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Audio


Miyazaki chose to mix and present The Wind Rises in mono sound, citing that a single channel mix would showcase the audio he felt was most integral to the story. This Blu-ray includes the original Japanese and English language dubs, both in DTS-HD Master Audio 2.0 mono. The English language mix was supervised by ace Pixar and Lucasfilm sound designer Gary Rydstrom, who has had a hand in most of Disney’s best Ghibli remixes. Miyazaki’s appreciation of silence doesn’t necessarily require the single channel limitations (the official byline on the mono sound includes the statement ‘within Japanese culture, silence is an important and highly respected part of communication’), but the mono rarely does the film any favours. Directional enhancements aren’t really missed (many of Miyazaki’s films avoid moving out of the center channel), especially not during the more abstract and heavily layered moments (the ones created mostly with human voices), but a stereo or surround sound elements could’ve offered some roundness and depth to the more incidental noise. Surprisingly, the dialogue is also too flattened against the more incidental effects for my taste. Despite Rydstrom’s influences, the English track multiplies the issue a bit by turning up the dialogue elements a hair too loud. Joe Hisaishi’s Italian and French-themed score doesn’t suffer much from the lack of stereo channels, mostly because he works with instruments – mandolins, accordions, et cetera – that blend together at lower volume levels. Note that this disc includes subtitles, not dubtitles.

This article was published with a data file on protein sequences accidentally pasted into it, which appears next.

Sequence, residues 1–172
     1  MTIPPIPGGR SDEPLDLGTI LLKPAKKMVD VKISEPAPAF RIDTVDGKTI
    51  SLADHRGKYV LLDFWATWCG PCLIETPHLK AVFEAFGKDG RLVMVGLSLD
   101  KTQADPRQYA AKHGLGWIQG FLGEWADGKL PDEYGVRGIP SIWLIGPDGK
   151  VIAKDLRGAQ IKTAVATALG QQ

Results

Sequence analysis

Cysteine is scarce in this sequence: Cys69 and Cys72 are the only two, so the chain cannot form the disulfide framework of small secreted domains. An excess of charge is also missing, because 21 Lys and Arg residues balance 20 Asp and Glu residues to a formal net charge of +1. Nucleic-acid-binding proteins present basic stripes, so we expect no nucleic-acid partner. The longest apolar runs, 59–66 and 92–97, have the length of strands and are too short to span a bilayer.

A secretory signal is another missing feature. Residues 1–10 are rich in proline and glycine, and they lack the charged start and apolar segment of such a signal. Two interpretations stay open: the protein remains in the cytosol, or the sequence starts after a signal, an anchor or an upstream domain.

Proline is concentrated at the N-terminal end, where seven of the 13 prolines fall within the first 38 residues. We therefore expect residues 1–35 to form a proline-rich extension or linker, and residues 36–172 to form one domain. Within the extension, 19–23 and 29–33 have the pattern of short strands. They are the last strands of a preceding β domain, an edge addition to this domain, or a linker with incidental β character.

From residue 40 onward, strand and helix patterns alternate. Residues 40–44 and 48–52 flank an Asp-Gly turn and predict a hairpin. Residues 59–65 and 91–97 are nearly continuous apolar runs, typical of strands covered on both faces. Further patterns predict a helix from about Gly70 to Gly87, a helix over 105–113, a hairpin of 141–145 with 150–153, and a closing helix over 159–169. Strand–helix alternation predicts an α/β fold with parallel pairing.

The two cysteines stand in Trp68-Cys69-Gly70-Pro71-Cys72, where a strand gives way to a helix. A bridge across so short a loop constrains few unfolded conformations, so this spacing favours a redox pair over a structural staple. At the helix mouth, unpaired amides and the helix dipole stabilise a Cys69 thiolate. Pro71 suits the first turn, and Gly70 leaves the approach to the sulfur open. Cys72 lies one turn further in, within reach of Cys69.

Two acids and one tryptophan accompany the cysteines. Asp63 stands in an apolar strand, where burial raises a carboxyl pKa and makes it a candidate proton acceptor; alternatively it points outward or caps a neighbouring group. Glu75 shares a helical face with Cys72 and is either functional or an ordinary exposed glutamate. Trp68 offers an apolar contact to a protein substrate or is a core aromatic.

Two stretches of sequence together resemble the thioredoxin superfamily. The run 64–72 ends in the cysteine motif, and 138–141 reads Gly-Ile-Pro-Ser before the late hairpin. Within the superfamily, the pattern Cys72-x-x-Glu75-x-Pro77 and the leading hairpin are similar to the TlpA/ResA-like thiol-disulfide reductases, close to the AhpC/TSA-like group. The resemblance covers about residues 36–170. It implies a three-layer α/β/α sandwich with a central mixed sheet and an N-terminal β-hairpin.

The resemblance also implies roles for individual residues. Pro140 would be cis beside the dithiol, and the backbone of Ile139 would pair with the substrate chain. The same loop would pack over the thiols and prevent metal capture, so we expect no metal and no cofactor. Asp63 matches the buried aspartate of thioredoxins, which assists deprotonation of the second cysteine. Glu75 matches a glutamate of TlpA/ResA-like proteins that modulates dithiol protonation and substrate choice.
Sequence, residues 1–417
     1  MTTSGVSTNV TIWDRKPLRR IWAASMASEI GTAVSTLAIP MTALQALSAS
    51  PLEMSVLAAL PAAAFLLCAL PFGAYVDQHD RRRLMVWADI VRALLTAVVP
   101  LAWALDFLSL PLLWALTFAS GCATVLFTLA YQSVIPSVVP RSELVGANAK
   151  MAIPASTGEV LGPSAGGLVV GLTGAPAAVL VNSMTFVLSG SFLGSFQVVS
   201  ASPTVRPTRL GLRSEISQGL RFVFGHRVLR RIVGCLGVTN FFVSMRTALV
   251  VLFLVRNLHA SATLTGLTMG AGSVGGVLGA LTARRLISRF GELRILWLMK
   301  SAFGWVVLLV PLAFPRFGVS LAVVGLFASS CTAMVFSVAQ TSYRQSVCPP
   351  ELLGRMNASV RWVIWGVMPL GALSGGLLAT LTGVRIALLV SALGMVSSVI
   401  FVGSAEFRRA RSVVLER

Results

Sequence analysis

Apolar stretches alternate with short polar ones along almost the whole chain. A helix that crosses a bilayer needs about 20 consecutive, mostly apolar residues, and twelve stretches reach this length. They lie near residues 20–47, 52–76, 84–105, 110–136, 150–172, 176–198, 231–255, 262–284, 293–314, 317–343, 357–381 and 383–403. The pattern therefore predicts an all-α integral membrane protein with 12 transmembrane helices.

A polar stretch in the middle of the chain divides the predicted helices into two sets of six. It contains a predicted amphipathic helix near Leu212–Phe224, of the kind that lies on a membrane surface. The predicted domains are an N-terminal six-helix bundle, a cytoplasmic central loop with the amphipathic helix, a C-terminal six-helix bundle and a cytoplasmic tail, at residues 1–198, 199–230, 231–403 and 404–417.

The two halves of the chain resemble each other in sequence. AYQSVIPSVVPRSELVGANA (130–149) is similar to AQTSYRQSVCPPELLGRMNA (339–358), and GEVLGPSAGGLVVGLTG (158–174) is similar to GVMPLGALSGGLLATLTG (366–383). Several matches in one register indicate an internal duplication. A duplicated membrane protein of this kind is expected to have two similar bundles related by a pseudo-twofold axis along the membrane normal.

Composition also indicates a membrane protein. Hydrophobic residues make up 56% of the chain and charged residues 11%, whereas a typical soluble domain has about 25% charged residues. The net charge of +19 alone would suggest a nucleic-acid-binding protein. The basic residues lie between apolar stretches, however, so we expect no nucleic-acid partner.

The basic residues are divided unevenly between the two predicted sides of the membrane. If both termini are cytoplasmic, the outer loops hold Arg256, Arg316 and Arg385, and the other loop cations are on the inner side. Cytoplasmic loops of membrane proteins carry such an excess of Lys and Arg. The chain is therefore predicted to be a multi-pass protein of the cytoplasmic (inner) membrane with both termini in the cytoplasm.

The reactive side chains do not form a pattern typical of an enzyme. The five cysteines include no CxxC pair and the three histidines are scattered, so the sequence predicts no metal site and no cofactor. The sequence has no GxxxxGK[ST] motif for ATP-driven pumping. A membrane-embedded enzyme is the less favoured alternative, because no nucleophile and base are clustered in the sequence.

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Extras


  • The Wind Rises: Behind the Microphone (10:50, HD) – An interview with Gary Rydstrom and the English language cast, concerning the characters and the logistics of the dub.
  • Feature-length watercolor storyboards (2:06:30, HD)
  • Original Japanese trailers and TV Spots
  • Footage from a press conference (1:22:50, HD) – Miyazaki, actor Hideaki Anno, and singer-songwriter Yumi Matsutoya uncomfortably discuss the film to a roomful of journalists. The discussion is ultimately too civil and modest to cover any of the film’s politics in great detail, but the director does talk about his want to avoid war imagery – at one point claiming that it would’ve made it appear like ‘a cheap documentary.’


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Overall


The Wind Rises is a great movie with some major thematic problems. Viewer mileage will depend on many factors, including patience for the deliberate pacing and tolerance for the lack of an implicit anti-war message. But even those unwilling to accept its muddled morality will find themselves challenged by an imperfect film that still elicits strong and genuine emotions. Disney’s Blu-ray looks fabulous and sounds pretty good, despite Miyazaki’s choice to mix the film in mono. The extras include a fluffy English language EPK, a storyboarded version of the film, and a really uncomfortable press conference with the filmmakers.

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For a more decisive (less wishy-washy) look at the controversy, please read this Village Voice article.

Note: The above images are taken from the Blu-ray release and resized for the page. Full-resolution captures are available by clicking individual images, but due to .jpg compression they are not necessarily representative of the quality of the transfer.